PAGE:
The performance played a majority of the tracks off of Abbey Road ,and other Beatles corner stones such as “Black Bird” and “Strawberry Fields”, but also featured a Alice in Wonderland-esque narrative. The story began with “The Dreamer” (Played by Courtney Osteen) waking up in a world that mirrored the art style of  “Yellow Submarine” and began with the whole cast playing “Come Together”. Osteen was mesmerizing with her movements and embodied the emotions of not only the song but also the narrative. Osteen was a key piece to the performance and without her the performance would have just felt like a standard concert affair. The set was perfect. It captured the psychedelic aesthetic that the 60’s were known for, but still had a vividness that resembled a dream. The costuming varied in style as well. Rooted in some realism with the hippie fashion but also in the psychedelic with those of the dancers dressed as monsters, the Sun King, and other fantasy archetypes. It had a simplistic style, but works in the grander scheme of things due to the nature of the dream. The visual effects also extremely enhanced the entire performance. From psychedelic light shows, a universal trip, and an under sea garden the visuals made the performance feel alive.

The music and the acrobats were the massive highlights of the performance. Madeline Mathews had a fantastic performance of “Maxwell’s Silver Hammer,” the modernization of “Getting Better” by Mad Tantra, and the R&B/Soul rendition of “Hey Jude” by KLEZ the spectrum was wide. The first act as a whole was narrative driven. With the songs serving as a narrative device for Yang to tell a story through her movements, but the second act was driven more by the music. Kyle Williams performed a fantastic and sweet rendition of “Strawberry Fields” that floored the crowd. Pat Hull was the standout. His cover of “Blackbird” was phenomenal, by keeping to the original song, but allowing his voice to change the song for him. By the end of the performance the entire crowd was floored and would have asked for an encore if they could. By the end of the performance the crowd was won over and Uncle Dads had given a fantastic performance. The crowd gave the cast a standing ovation and the excitement of the crowd carried over into the night.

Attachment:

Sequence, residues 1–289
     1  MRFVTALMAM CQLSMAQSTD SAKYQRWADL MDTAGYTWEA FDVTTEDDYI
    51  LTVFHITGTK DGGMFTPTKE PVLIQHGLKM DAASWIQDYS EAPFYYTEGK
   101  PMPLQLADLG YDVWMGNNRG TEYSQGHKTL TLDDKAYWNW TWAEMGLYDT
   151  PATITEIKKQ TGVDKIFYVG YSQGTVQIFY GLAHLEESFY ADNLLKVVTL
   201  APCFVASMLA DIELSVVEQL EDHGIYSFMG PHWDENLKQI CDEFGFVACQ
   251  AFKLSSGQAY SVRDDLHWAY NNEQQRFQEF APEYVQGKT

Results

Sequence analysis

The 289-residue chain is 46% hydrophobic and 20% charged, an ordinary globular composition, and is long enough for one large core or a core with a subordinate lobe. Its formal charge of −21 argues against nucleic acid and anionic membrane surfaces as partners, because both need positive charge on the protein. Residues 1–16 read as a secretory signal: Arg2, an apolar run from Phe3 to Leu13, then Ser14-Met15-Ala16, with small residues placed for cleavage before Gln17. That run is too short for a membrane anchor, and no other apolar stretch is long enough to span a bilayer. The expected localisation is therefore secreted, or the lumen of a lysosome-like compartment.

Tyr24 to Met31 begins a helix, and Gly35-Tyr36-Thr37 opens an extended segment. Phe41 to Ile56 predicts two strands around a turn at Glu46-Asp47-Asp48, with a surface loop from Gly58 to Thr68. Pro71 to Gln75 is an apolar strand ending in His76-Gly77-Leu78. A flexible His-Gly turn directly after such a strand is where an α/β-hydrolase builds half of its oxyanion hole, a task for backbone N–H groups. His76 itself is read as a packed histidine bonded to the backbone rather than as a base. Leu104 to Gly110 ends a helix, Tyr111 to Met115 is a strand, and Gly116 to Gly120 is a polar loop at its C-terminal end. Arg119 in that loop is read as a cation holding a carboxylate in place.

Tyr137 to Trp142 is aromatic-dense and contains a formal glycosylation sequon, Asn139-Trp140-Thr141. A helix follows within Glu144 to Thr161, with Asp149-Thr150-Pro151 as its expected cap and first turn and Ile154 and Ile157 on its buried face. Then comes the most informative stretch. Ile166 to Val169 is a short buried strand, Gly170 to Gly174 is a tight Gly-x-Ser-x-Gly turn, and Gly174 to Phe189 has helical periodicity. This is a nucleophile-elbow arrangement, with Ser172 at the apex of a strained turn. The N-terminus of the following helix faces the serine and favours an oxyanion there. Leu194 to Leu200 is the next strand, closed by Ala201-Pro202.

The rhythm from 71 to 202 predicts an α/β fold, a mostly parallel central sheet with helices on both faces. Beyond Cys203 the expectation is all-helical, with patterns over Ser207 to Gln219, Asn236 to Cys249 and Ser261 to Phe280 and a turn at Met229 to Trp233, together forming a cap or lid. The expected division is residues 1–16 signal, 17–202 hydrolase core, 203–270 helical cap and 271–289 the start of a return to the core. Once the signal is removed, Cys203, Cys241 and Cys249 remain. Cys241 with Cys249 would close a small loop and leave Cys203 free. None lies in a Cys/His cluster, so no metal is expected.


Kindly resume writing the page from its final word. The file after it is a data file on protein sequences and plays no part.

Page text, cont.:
Uncle Dads is an extremely positive force for the Chico art community. Not only have they proved they have the capacity to put on extravagant performances such as Abbey Road but they can also put on more intimate performances. There Listen Up series at the Naked Lounge helps local artist hone their live performance skills in front of a crowd in a no cell phone environment. Uncle Dads will most likely continue to be a mainstay in Chico and I hope it is. Chico needs an art collective like Uncle Dads that can help foster young talent and put on giant performance because local artists need that support. Look out for their future projects and any artist associated with them.

By: Carlos Rodriguez

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Loud Hailer – Jeff Beck

By: Lauren McGowanLoud Hailer

Jeff Beck breaks his six-year silence with a loudspeaker, or as the Brits call it, Loud Hailer. While maintaining his classic guitar rock, Beck reaches further out to Rosie Bones and

Carmen Vandenberg, members of a hip UK-based rock band, to bring life to his old sounds. The 72-year-old Hall-of-Famer explores the world’s crises through honest ebbs and flows.

“This shit is real, baby.”

One of the first lyrics from the album sets the tone as he dives into dark subject matter real-quick. The powerful drums, bass, female vocals, and guitar solos make for an epic intro. The next two songs, “Live in the Dark” and “Pull It” follow this hard rock pattern; “Pull It” takes a more electronic turn with heavy bass and dirty guitar riffs reminiscent of something the Brooklyn pop duo, Sleigh Bells, might produce.

With the hard, loud, rock comes the gentle slow jams. “Scared For the Children” breaks the direction for a moment and takes the listeners back to the harsh reality of the world. The song describes what the world has come to through the lives of kids who are in broken homes and can’t live the same innocent life they once could back in the day, “this is the end of the age of the innocent,” vocalist Rosie Bones repeats.

Do not be fooled by his age, Jeff Beck proves that old guys really do rock. While his guitar skills are incredible, the music he has produced is more than that. A combination of old soul and modern techniques is an equation for success.